The Lightning’s guns, however, were mounted on the nose of the plane, allowing the pilot to shoot straight up to 1000 yards, approximately 800 yards farther than the average fighter.
9. The pilot’s wardrobe.
Early P-38 pilots flew in shirts, shorts, sneakers, and a parachute. That’s all.
8. The nicknames.
Seeing the Lightning coming in hot often scared the sh*t out of the Germans. They once called the plane the fork-tailed devil, while the Japanese dubbed them, two planes, one pilot.
7. The P-38’s unique sound.
Have you seen Star Wars? The sound of the film’s iconic speeder bikes came from mixing the sounds of a P-38 Lightning and a nose-diving P-51 Mustang.
6. Glacier Girl.
On July 15, 1942, six P-38s and two flying fortresses made an emergency landing on an ice cap in Greenland. The crew members were unharmed, and one of the planes was later recovered underneath 250-feet of ice and renamed Glacier Girl.
5. Life as an air racer.
Post-World War II, the warplane sales market boomed. Many P-38s were sold to private collectors who competed in air races.
4. Setting a world record.
In 1939, the XP-38, the Lightning’s prototype, flew from coast to coast of the U.S. in seven hours and two minutes. Although the flight culminated in a crash landing, the pilot survived and the plane was awarded the record time.
3. Operation Vengeance.
Operation Vengeance called for 16 P-38s to ambush Japanese Admiral Yamamoto’s (the mastermind behind the Pearl Harbor attack) transport. The attacks caused Yamamoto’s plane to crash in the jungles of New Guinea, killing him.
2. The best of the best flew P-38s.
Army Air Corps aces Richard Bong, Thomas McGuire, and Charles MacDonald all flew this beautiful plane — all kicking major ass while doing so.
President Donald J. Trump and First Lady Melania Trump invited military mothers and spouses to the White House May 9, 2018, in honor of Mother’s Day, and the president signed an executive order to enable military spouses to find work more easily in the private and federal sectors.
“Mother’s Day, which is this Sunday, is celebrated just one time per year,” the first lady said to the gathering in the White House East Room. “Today, I want to take this opportunity to let you all know that as mothers who are members of the military community, you deserve recognition for not only your love for your … children, but for the dedication and sacrifice you make on behalf of our country each and every day,” she said.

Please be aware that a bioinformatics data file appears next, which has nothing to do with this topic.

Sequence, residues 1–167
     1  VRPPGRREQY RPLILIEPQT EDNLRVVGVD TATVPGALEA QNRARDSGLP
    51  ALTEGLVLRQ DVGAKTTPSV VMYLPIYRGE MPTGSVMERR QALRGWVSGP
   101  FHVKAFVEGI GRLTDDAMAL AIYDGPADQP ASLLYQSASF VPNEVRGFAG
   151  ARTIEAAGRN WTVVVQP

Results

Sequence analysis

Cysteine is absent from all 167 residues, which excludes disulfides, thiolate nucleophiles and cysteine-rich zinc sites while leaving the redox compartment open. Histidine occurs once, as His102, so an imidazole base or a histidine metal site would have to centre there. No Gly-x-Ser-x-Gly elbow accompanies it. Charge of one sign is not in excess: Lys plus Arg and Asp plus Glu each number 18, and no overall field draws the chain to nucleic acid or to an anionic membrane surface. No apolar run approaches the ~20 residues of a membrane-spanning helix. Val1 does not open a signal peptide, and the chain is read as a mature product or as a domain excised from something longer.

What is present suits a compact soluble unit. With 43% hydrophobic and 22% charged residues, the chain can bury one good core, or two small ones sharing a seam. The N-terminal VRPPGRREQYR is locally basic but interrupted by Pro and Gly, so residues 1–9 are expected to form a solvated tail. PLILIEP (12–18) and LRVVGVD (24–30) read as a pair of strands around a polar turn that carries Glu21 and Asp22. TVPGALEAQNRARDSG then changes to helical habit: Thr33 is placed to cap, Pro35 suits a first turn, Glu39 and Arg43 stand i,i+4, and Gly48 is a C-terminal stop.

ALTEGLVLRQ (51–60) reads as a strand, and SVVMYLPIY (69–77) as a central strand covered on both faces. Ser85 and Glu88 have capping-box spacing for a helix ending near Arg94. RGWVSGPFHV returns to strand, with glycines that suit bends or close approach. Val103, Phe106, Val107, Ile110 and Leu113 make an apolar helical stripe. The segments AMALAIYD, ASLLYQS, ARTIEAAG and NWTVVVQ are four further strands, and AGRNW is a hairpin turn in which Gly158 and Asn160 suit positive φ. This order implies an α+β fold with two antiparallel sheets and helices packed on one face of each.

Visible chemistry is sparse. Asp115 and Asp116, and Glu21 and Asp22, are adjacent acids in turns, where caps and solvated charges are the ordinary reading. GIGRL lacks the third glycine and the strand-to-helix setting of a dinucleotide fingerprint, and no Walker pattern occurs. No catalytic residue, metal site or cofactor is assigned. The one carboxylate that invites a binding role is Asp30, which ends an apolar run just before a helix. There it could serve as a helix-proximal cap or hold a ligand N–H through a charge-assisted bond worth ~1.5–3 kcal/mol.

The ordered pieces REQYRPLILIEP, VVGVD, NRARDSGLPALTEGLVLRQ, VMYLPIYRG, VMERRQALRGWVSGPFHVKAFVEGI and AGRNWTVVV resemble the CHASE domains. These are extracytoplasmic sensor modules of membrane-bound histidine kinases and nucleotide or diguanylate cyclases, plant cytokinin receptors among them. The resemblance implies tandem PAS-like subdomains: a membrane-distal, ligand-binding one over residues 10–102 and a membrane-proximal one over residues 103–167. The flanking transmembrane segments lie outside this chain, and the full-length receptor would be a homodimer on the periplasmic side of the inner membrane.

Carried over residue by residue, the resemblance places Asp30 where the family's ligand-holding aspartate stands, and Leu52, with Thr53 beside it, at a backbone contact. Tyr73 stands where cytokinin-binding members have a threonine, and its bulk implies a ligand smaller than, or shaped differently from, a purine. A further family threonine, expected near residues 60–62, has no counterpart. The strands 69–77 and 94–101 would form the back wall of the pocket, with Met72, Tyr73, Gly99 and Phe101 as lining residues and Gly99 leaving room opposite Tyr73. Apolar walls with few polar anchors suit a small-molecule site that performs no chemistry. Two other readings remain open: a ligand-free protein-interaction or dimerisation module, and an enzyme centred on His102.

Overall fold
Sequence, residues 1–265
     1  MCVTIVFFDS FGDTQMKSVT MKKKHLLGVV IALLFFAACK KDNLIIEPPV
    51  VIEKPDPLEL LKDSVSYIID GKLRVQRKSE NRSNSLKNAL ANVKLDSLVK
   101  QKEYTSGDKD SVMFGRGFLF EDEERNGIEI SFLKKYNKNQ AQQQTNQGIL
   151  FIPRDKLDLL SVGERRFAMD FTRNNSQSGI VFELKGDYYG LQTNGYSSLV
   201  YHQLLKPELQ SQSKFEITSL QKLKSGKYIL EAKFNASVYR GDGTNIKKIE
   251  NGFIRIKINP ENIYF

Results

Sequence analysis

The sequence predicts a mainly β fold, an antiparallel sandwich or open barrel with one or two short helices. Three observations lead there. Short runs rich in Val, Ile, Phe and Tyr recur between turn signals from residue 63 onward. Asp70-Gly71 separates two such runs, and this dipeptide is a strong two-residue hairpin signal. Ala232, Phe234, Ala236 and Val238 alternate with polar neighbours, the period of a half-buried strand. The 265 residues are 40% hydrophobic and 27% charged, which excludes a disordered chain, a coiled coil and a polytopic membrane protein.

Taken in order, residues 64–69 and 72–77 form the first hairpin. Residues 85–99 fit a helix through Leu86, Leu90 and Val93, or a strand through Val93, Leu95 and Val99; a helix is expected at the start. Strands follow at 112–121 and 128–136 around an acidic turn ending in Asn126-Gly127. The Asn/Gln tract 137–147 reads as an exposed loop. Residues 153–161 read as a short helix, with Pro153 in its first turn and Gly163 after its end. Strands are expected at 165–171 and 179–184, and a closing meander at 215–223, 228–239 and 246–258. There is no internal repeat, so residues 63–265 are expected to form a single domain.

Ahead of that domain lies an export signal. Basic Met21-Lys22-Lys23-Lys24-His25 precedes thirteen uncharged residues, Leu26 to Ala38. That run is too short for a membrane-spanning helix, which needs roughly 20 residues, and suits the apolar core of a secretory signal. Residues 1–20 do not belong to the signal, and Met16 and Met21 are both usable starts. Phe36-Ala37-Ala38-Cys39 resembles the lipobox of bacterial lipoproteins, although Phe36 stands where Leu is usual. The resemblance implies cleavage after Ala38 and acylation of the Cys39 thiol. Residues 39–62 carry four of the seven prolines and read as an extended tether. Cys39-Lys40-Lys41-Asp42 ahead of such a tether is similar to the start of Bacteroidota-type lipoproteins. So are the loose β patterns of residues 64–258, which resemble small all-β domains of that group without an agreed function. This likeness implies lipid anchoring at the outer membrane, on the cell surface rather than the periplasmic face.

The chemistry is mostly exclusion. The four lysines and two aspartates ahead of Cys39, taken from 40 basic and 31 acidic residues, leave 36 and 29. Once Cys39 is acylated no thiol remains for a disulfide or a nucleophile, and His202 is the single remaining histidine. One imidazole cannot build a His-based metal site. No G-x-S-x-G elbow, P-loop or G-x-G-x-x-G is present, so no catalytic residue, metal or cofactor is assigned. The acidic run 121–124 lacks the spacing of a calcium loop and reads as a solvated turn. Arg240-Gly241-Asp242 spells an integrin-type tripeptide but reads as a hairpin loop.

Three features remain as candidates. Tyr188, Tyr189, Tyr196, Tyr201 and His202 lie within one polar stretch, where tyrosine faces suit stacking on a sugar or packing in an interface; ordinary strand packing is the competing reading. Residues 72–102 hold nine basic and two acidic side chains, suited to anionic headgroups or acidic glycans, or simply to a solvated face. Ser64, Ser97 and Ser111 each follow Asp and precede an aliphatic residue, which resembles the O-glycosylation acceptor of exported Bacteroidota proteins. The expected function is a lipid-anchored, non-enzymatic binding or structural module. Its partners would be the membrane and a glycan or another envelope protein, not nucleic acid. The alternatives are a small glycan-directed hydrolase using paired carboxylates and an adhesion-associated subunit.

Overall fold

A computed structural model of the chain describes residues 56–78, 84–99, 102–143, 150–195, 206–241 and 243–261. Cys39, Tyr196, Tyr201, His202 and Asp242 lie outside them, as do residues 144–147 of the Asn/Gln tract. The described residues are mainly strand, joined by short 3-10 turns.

The president said he was honored by the presence of military spouses. “We celebrate your heroic service — and that’s exactly what it is,” he said.
The president talked about spouses’ hardships during long deployments. “Some of them are much longer than you ever bargained for, and you routinely move your families around the country and all over the world,” the president said.
(Official White House Photo by Andrea Hanks)
“[My] administration is totally committed to every family that serves in the United States armed forces,” Trump said. “Earlier this year, I was proud to sign that big pay raise … and I am proud of it.”
Noting that the White House is taking action to expand employment opportunities for military spouses, the president said service members’ spouses would be given “treatment like never before,” noting that the unemployment rate among military spouses is more than 90 percent.
But that is going to change, he added.
“[For] a long time, military spouses have already shown the utmost devotion to our nation, and we want to show you our devotion in return,” the president said. “America owes a debt of gratitude to our military spouses — we can never repay you for all that you do.”
Following his remarks, Trump signed an executive order addressing military spouse unemployment by providing greater opportunities for military spouses to be considered for federal competitive service positions.
The order holds agencies accountable for increasing their use of the noncompetitive hiring authority for military spouses, and American businesses across the country are also encouraged to expand job opportunities for military spouses, the president said.
‘Tis the season for the giving of gifts. ‘Tis also the season of FOMUG (Fear Of Messed Up Gifting). We get it. It’s hard out there for an elf. Team WATM would like to offer you some guidance.
For you, The Mighty:
~ Our top picks for veteran-positive holiday giving ~
12. Combat Flip Flops
For flip flops and sneakers handmade in international combat zones, talk to Combat Flip Flops. Everything they sell empowers local entrepreneurs seeking to resurrect their communities from the cycle of poverty-bred violence and extremism. Seems like a heavy burden for a humble thong sandal to bear, but founder Matthew Griffin has the humor and the heart to pull it off.